By Jai S. Perumal, MD
Assistant Professor of Neurology,
Weill Cornell Medical College

Dr. Perumal is on the speakers bureau for Biogen Idec, Teva Pharmaceuticals, Genzyme Corp., and Acorda Therapeutics.

SYNOPSIS: Interim analysis at 3 years post-treatment of a study of high-dose immunosuppression and autologous hematopoietic stem cell transplant for relapsing remitting-multiple sclerosis demonstrates sustained disease control but also shows potential risks associated with this treatment.

SOURCE: Nash RA, et. al. High-dose immunosuppressive therapy and autologous hematopoietic cell transplantation for relapsing-remitting multiple sclerosis (HALT-MS): A 3-year interim report. JAMA Neurol 2015;72:159-169.

Relapsing-remitting multiple sclerosis (RRMS) is characterized by a predominantly inflammatory early phase with a transition to a largely neurodegenerative secondary progressive phase. Immunomodulating treatment works best in the relapsing phase with limited benefit in the secondary phase. At present, there are 10 FDA approved treatments for relapsing MS. Each of these has varying levels of efficacy and immunosuppressive effects and their own unique benefits/risk profile. However, despite the availability of these multiple medications, many patients remain treatment refractory. Moreover, these treatments (with perhaps the exception of alemtuzumab) need to be continued to maintain disease control, raising the issues of compliance and potential risk of side effects/adverse events associated with their continuous use. Hence, a potent short-term treatment that induces sustained long-term benefit is of immense interest in the treatment of MS. Autologous hematopoietic stem cell transplantation has been explored for MS for several years. Based on data from these early pilot trials, it appears that it can have a significant benefit in relapsing MS but not have a meaningful benefit in progressive MS. Taking into consideration these findings, the present study was designed.

High-Dose Immunosuppressive Therapy and Autologous Hematopoietic Cell Transplantation for Relapsing-Remitting Multiple Sclerosis (HALT-MS) is an ongoing, single-arm, 5-year study. Eligible subjects were RRMS patients between 18-60 years of age, who had expanded disability status scale (EDSS) of 3 to 5.5 at baseline, disease duration < 15 years, and at least two relapses in the preceding 18 months. Peripheral blood stem-cell mobilization was achieved with filgrastim. High-dose BEAM chemotherapy regimen included carmustine, etoposide, cytarabine, and melphalan. Oral prednisone was administered during mobilization to reduce risk of relapses and during stem cell transplantation. Clinical evaluations including EDSS, Multiple Sclerosis Impact Scale, and MS Functional Composite were performed at baseline, months 6 and 12, and annually thereafter. Between annual visits, patients were contacted by phone and, in the event of neurologic symptoms, they were brought in for an evaluation. Brain MRI was performed at screening, week 6, month 6, month 12, and annually thereafter.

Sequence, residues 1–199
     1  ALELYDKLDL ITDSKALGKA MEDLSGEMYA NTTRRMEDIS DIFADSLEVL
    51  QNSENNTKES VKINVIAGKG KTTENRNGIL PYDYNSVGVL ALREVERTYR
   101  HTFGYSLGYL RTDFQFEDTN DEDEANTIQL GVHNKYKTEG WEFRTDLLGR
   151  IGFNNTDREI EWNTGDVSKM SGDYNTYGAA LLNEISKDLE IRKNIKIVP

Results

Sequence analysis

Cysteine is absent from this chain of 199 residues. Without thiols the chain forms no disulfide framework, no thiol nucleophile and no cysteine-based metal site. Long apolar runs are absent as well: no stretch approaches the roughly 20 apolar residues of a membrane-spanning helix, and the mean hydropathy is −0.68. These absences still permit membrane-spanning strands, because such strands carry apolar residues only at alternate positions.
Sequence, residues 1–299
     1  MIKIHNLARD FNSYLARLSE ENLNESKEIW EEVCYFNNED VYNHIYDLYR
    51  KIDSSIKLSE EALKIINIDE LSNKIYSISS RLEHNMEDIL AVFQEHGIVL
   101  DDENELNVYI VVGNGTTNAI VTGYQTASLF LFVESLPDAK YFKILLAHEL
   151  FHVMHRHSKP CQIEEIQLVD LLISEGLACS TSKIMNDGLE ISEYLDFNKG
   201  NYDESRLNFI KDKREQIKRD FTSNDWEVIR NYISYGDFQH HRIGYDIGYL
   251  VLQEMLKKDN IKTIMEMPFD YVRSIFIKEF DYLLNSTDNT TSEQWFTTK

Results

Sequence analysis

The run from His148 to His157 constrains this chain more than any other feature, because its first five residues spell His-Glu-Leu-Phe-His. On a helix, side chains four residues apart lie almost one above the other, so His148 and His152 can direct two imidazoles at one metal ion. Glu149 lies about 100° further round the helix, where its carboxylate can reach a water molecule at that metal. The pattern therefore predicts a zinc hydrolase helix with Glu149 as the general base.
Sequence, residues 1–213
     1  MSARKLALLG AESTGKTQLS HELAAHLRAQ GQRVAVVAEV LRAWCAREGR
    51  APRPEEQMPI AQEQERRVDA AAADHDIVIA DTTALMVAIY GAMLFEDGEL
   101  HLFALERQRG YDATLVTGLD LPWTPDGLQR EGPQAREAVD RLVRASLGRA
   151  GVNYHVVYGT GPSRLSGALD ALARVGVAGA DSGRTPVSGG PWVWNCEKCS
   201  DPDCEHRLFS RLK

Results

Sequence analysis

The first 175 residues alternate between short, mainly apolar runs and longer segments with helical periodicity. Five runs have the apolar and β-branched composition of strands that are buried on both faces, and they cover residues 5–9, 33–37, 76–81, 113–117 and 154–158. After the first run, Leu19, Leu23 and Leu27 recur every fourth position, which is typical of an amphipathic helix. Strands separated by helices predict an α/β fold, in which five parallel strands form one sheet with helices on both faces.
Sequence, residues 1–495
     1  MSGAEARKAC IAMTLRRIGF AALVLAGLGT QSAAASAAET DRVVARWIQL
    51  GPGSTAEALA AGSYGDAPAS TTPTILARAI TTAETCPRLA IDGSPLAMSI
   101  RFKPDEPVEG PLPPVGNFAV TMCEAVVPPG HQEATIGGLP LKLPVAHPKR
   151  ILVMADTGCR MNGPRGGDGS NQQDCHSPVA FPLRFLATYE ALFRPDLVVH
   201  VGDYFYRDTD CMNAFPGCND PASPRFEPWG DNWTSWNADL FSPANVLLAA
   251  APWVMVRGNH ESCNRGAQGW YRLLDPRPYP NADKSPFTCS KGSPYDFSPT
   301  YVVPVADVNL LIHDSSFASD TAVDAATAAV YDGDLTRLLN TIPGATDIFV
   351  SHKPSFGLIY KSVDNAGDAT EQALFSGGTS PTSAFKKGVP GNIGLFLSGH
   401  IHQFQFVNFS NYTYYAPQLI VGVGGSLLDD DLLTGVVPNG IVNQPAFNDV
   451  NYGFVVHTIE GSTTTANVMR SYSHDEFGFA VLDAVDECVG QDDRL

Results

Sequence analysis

Twenty-four patients received high-dose immunosuppressive therapy followed by autologous hematopoietic stem cell transplantation (HDIT/HCT). The median disease duration was 4.9 years and median EDSS was 4.5. The primary study endpoint was the time-to-treatment failure defined by death from any cause, or disease progression as evidenced by increase in EDSS, relapse, or two or more gadolinium-enhancing or new T2 lesions on brain MRI a year or more after HDIT/HCT. At 3 years, the probability of event-free survival was 78.4%. EDSS improved after HDIT/HCT with a median change of -0.5 at 3 years. One patient had a relapse during mobilization. Within 3 years, none of the patients developed gadolinium-enhancing lesions other than one patient who was non-complaint with prednisone prophylaxis during mobilization and had an MS relapse associated with gadolinium-enhancing lesions. Brain volume between baseline and month 6 was decreased but appeared to have stabilized afterward. All patients experienced a grade 3 or 4 adverse event, which is severe, life-threatening, or disabling, as defined by the National Cancer Institute Common Terminology Criteria for Adverse events. Most of these were expected hematological/gastrointestinal or infectious events and were reversible or treatable. There were two deaths. One death was due to disease progression at 2.5 years post HDIT/HCT and another was due to worsening pre-existing asthma at 3.5 years. Severe disease progression and death following hematopoietic stem-cell transplantation has been reported elsewhere as well.


This small, single-arm study demonstrates that high-dose immunosuppressive therapy followed by autologous hematopoietic stem cell transplantation can have sustained significant benefit in RRMS. However, it also highlights the risks associated with this treatment. The study also has limitations including a small number of patients, open-label nature, unblended evaluation, and the infrequent follow-up visits. Based on these preliminary results, it appears to be an option worth further exploration for highly active MS. However, when considering its potential role in this population, one would need to weigh its benefits vs risks against currently FDA-approved agents that would generally be considered for highly active MS, especially natalizumab and alemtuzumab. We will learn further about the long-term outcome from immunosuppressive therapy followed by autologous hematopoietic stem cell transplantation at the completion of this study after a total of 5 years of follow-up.